We arrived at Allahabad about ten o'clock in the morning on the 29th. After breakfast and a little rest at a hotel, Baba went out to the Kumbh Mela grounds with some of the members of the mandali. On reaching the grounds, we soon discovered that the work of touching the 7,000 sadhus was not going to be an easy task. It was hot and sultry, while the Mela ground was all sandy, and the sadhus were scattered throughout a radius of about two miles. Different schemes were suggested by the mandali for carrying out what seemed to be a herculean job; Baba did not approve any of the schemes. In fact, had He done so, several days would have been spent at Allahabad. Baba adopted His own scheme.

First of all, we had a reconnaissance round with Baba, which consisted of about four hours of strenuous walk in the loose sand and scorching sun. During this rapid survey, we crossed the Ganges and the Jumna twice in a boat. While passing across the confluence of the Jumna and Ganges, Baba remarked that Allahabad is known for its spiritual atmosphere from days of old.

Having seen the place generally and deciding upon His program of work, Baba started the contacts with the sadhus. It was about sunset time when Baba touched the first sadhu. This sadhu, whom we encountered accidentally, as it were, when Baba decided to begin the contact work, was a very typical person. He was gazing straight at the setting sun and shouting loudly "Jap! Jap!" (Meditate! Meditate!) He was the only sadhu amongst the hundreds of thousands of them in the Kumbh Mela who had put on a typically mixed dress, partly Eastern style and partly Western. The long garment of the average Indian sadhu with some dirty torn clothes perhaps represented the East; while the old and shabby hat on his head was the probable pointer for the West. The question as to whether Baba selected this first sadhu accidentally, or whether the selection had a deep meaning, would provide an interesting study to the lovers of Baba's work of universal spiritual upliftment.

It is impossible to describe in words the second sadhu whom Meher Baba touched. Those who have read the life of Shri Chaitanya Maha Prabhoo, or have seen some of the pictures depicting his divine ecstasy, might be reminded of the condition of Shri Chaitanya when he was experiencing Divine Love and when he was dancing with lifted hands on the seashore at Jagannath Puri on seeing the visions of his beloved Krishna. To get some idea of the unforgettable scene we saw at Allahabad on 30th December 1941 at sunset, when Baba met the second sadhu at the Kumbh Mela, you have to substitute the sadhu in place of Shri Chaitanya and Baba in place of his beloved Krishna and the sandy bank of the Ganges in place of the Puri beach.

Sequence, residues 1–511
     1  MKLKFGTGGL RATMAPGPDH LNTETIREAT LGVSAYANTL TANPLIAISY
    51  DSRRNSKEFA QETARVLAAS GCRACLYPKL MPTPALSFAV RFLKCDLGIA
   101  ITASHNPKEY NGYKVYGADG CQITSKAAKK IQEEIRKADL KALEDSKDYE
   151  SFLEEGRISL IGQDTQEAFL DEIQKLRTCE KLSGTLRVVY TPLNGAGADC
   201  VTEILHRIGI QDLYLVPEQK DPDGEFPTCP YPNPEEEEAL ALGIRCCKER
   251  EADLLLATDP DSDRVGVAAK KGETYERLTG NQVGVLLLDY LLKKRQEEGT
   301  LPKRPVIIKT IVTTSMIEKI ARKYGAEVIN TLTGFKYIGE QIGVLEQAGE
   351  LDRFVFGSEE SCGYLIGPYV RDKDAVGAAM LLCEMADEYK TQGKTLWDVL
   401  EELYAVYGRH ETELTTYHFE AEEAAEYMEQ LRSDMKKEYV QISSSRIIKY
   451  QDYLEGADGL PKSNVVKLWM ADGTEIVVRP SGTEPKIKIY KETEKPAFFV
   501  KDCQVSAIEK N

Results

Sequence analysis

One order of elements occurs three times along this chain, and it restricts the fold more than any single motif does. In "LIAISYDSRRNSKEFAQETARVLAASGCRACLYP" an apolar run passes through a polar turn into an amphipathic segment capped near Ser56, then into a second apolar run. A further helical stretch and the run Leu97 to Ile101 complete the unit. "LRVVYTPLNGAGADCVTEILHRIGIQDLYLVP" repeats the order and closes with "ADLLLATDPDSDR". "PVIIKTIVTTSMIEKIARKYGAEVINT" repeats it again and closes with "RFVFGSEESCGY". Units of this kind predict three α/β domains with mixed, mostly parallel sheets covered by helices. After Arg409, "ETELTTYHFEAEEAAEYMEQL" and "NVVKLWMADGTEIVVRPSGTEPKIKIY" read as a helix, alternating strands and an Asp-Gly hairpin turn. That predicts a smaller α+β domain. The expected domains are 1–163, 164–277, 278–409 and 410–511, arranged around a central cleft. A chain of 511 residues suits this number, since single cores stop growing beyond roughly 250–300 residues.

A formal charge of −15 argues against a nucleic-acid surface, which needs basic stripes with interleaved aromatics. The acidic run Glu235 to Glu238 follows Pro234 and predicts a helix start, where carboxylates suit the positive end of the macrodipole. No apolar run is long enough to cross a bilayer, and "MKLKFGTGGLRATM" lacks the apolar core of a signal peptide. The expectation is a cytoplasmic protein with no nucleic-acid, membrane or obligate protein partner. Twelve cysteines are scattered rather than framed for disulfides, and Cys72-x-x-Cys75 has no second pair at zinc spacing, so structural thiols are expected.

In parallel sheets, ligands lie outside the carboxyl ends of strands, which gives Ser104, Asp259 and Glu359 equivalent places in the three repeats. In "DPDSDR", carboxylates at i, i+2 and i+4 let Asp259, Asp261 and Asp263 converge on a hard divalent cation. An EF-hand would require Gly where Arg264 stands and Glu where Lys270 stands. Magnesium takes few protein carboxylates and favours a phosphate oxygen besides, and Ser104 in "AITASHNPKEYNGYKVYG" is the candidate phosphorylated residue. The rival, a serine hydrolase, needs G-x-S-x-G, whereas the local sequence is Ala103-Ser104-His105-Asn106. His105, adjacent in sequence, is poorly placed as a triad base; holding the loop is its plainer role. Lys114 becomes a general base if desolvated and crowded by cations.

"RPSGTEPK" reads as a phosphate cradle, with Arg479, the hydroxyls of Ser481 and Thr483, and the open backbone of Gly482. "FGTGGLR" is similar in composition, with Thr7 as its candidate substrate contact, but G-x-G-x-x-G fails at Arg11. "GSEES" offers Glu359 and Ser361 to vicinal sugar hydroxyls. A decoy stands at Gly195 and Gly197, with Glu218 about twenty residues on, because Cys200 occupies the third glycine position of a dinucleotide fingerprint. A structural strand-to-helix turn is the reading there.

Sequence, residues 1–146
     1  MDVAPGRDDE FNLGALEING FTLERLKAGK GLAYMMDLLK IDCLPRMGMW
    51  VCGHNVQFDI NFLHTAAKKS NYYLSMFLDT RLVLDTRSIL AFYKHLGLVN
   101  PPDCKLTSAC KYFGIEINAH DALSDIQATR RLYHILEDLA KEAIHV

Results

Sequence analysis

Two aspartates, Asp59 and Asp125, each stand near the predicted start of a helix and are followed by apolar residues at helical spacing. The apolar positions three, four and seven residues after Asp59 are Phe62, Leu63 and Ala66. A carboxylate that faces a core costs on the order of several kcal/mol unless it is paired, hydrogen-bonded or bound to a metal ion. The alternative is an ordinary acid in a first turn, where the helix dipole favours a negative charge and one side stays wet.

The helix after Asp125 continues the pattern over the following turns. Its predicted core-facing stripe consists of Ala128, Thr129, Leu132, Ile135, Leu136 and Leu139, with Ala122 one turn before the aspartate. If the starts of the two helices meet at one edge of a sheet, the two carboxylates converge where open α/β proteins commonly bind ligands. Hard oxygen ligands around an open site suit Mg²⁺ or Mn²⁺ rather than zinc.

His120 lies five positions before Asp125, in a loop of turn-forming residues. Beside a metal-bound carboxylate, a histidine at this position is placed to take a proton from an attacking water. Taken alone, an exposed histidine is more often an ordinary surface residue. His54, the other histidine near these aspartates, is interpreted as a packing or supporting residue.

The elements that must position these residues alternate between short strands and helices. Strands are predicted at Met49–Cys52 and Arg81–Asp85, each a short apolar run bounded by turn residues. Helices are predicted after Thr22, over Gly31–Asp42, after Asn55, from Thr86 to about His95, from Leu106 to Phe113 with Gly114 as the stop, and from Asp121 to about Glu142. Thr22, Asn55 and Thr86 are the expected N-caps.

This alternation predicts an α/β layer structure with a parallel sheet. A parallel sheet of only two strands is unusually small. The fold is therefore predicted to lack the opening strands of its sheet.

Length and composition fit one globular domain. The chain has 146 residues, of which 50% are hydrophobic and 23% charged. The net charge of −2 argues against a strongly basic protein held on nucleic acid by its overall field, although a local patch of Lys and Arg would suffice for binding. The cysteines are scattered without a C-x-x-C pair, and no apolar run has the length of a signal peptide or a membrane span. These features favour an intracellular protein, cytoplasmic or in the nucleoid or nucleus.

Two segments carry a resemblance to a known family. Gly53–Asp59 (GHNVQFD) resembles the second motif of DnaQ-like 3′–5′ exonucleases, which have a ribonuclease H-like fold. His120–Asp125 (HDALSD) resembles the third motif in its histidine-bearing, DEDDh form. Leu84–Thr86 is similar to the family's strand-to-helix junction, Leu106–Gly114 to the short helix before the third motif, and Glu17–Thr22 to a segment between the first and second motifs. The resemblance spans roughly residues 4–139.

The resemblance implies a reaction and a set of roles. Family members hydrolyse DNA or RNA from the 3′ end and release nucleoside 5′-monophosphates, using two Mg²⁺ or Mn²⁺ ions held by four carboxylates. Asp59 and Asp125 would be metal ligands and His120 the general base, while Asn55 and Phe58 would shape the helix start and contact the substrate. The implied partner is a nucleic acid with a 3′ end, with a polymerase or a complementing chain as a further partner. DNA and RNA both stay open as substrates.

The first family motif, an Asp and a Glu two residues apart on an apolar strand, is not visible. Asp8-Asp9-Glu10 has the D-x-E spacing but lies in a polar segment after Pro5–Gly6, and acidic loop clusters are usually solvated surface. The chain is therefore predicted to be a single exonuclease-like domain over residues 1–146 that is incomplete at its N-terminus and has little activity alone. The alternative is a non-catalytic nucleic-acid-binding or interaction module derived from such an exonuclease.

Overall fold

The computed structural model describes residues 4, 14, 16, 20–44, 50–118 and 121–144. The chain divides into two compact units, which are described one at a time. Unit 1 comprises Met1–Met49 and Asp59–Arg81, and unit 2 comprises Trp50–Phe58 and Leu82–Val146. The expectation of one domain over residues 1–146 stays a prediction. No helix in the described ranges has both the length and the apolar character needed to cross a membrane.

The sadhu — a young person about thirty years of age with a most handsome appearance and charming personality — saw Baba from a distance of some fifty paces, and for a while he danced with lifted hands as if he were in the happiest moment of his life. He walked a little and then sat down as if the feeling had overpowered him. Baba met him like the most loving mother embracing the dearest child. The sadhu was completely naked and his body was covered with dust and sand, but the way Baba was treating him showed that to Baba the apparently dirty body of the sadhu was of no consequence. Subsequently, when referring to this sadhu, Baba said he was a soul merged in the ocean of Divine Love. Baba further remarked: "If someone were to ask me what makes me happiest, my reply would be 'embracing a mast' (a God-intoxicated soul) like the one you saw today."

Referring to the value of the love of the marvelous sadhu, Baba said: "Such love consumes the false ego and annihilates the lower self in the supra-conscious state wherein the highest asserts itself. Just as the state of man's communion with God, the soul's identification with the Oversoul and the lover's union with the Beloved are beyond the realm of understanding, so also is the state of this perfect lover of God indescribable."